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An Interview with Matthew Nelson, Herencia Crowdsourcing Intern

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A photo of Matthew Nelson seated with bare trees in the background.
Matthew Nelson, an intern working on transcribing the Herencia: Centuries of Spanish Legal Documents. [Photo provided by Matthew Nelson]
Today’s interview is with Matthew Nelson, an intern working on transcribing the Herencia: Centuries of Spanish Legal Documents crowdsourcing campaign at the Law Library of Congress

Describe your background.

I grew up in Fredericksburg, Virginia (about thirty miles south of Washington, D.C.). I first became interested in history and Latin when my parents signed me up to take Latin in middle school. Since then, I’ve been involved with organizations like National Junior Classical League and National Senior Classical League, which have fostered my interest in history. Lately, I’ve grown more and more interested in studying distantly removed cultures. I think the exercise of studying civilizations we’re far removed from makes it easier to understand the present.

What is your academic/professional history?

Taking a Latin class in 7th grade jump-started my academic path. It started as just trying to knock out the language requirements for high school, but snowballed into taking Latin until I graduated, plus extra classes in history. I also ended up taking classes in French, Arabic, and Ancient Greek.

While living in Fredericksburg, I got my first part-time job working for the Central Rappahannock Regional Library (the public library in my area). To be honest, I only applied because I heard that the library pages didn’t have to talk to customers, but I fell in love with the library and have worked there on and off for years. When I got to college, I started tutoring Latin 101 through 202 and Linguistics 101 for my university.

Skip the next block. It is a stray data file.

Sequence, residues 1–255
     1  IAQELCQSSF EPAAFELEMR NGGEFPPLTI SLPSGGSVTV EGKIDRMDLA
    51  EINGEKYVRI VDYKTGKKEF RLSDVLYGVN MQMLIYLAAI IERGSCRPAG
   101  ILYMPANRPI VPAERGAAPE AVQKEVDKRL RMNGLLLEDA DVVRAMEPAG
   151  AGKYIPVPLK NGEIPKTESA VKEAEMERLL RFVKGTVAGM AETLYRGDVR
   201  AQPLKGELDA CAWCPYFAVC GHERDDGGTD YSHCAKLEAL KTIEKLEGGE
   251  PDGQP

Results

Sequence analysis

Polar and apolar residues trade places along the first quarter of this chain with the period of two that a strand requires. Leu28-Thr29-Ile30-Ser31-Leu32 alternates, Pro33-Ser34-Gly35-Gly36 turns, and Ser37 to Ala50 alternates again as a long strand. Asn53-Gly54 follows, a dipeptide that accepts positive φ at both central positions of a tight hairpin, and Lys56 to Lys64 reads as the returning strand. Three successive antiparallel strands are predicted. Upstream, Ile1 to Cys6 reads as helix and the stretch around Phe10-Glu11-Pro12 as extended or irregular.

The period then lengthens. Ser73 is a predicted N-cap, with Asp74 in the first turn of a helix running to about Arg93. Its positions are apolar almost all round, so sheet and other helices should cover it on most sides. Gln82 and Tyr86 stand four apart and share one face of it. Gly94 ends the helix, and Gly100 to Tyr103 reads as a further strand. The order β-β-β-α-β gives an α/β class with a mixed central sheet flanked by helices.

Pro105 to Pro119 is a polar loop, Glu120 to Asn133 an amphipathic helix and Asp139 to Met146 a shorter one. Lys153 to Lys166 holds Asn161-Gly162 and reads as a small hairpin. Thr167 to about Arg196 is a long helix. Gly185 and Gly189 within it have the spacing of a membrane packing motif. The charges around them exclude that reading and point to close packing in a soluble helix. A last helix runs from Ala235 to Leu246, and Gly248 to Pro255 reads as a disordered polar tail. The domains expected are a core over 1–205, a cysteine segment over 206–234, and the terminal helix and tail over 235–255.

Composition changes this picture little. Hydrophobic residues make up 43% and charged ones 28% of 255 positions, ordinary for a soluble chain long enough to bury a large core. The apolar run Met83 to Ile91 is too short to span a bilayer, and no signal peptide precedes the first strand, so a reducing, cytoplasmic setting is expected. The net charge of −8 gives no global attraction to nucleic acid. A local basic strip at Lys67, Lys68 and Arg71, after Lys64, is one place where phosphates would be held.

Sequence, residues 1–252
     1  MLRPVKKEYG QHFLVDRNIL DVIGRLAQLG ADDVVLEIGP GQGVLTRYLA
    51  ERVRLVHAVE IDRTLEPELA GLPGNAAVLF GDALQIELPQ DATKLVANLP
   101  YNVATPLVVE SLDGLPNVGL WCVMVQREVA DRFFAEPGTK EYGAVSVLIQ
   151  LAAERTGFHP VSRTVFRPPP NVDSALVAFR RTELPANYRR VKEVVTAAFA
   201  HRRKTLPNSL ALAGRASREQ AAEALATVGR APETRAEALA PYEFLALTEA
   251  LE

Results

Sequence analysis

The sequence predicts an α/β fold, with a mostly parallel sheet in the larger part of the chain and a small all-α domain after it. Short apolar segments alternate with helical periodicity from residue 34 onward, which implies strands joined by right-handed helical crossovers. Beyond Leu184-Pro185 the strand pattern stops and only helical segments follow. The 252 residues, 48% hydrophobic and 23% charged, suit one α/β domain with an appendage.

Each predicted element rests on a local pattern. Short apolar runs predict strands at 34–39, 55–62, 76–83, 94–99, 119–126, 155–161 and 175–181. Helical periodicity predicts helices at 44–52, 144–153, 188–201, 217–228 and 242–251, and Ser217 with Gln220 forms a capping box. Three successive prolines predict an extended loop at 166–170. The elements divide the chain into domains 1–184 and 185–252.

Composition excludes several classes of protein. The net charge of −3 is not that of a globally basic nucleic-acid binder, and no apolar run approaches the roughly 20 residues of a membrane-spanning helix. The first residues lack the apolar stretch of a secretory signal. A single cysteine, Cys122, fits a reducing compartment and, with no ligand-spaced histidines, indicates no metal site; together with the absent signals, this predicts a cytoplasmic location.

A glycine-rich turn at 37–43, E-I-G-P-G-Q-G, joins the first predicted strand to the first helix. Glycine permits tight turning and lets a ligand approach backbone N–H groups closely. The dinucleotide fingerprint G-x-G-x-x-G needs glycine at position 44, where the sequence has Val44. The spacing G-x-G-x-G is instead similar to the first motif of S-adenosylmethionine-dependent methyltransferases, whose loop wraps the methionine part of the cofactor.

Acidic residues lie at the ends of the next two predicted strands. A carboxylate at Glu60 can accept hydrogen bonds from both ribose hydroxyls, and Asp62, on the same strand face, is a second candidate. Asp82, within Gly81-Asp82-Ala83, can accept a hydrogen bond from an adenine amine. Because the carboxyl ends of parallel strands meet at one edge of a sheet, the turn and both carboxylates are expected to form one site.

After high school, I enrolled at Germanna Community College for a few semesters then transferred to University of Mary Washington, where I’m currently double majoring in classics and linguistics. I started off more interested in ancient literature, but lately I’ve shifted more and more towards a historical focus. This internship is my first time working really intensively with any specific collection of primary sources — and I’m loving it! After I finish my B.A., I’m torn between applying for graduate programs in history to teach or in library sciences to work in an academic or research library (like the Library of Congress!).

How would you describe your job to other people?

I spend most of my time double-checking the crowdsourced transcriptions volunteers have submitted. Sometimes, I end up doing a bit of research to find an abbreviation or looking up Latin words in a dictionary or reference book to infer a word where the document has faded. I also end up tackling the super-faded, super-cursive texts like this one.

Why did you want to work at the Library of Congress?

I had been going through museum websites looking for opportunities for this summer when I found the Herencia campaign, and I was fascinated. This immediately struck me as the meeting point of my work experience in public libraries and my interest in history, and it allows me to feel like I’m contributing to both fields. Personally, this internship is a great challenge as well. I’ve read a lot of Latin, but this is the first time I’ve been able to tackle Latin in the original manuscripts. Every time I get stuck on a line of super florid cursive or I have to go find the explanation for an abbreviation, I feel like I’m learning more about manuscript tradition.

What is the most interesting fact you’ve learned about the Law Library of Congress?

I learned recently that the Library of Congress was destroyed by fire twice, but the law collection survived both times (once because Thomas Jefferson replaced it afterwards, and once just by getting lucky). I wish we had gotten that lucky with the historical libraries in Alexandria and Baghdad!

What’s something most of your co-workers do not know about you?

I have taken ballroom dance for almost 10 years! I had to pause because of the coronavirus pandemic, but I have a lot of experience doing several dances, including the waltz, cha-cha, and rumba. I’m also on my university’s DIII Ultimate Frisbee team (The UMW Mother of George).


  1. It’s great to see young minds have asleep appreciation for history *and* to see them contribute in a meaningful way to future generations.

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